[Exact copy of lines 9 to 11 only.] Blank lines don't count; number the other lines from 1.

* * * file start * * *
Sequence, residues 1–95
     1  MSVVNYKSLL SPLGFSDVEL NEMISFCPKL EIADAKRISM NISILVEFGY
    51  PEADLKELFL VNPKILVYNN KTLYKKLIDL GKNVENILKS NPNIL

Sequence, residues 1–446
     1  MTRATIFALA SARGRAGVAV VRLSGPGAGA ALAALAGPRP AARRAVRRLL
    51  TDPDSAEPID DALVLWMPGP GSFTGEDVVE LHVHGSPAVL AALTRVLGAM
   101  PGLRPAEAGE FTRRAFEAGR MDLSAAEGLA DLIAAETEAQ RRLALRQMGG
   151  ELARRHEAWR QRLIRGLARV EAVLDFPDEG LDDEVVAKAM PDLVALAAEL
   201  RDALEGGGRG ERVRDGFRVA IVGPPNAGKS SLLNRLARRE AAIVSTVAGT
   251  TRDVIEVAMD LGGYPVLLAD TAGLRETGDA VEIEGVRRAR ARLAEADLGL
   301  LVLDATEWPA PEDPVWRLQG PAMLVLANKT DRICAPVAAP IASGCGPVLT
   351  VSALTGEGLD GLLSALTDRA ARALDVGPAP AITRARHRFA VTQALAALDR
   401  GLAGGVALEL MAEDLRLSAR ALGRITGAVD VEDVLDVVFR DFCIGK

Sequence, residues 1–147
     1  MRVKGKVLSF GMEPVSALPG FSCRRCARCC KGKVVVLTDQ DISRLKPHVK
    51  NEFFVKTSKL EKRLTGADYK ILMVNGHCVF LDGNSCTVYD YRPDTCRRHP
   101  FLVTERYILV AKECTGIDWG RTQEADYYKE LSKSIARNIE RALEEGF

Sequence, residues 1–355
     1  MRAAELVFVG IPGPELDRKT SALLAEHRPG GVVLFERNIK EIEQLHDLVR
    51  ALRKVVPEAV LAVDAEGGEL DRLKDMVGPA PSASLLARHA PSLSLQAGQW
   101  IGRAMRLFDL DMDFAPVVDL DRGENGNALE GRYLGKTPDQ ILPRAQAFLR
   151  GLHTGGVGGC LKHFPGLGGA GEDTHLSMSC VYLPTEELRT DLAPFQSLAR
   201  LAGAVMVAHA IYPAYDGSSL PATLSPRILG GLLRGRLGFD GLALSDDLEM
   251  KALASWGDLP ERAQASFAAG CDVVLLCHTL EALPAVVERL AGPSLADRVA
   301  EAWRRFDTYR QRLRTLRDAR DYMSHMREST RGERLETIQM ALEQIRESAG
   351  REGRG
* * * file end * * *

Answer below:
   201  RDALEGGGRG ERVRDGFRVA IVGPPNAGKS SLLNRLARRE AAIVSTVAGT
   251  TRDVIEVAMD LGGYPVLLAD TAGLRETGDA VEIEGVRRAR ARLAEADLGL
   301  LVLDATEWPA PEDPVWRLQG PAMLVLANKT DRICAPVAAP IASGCGPVLT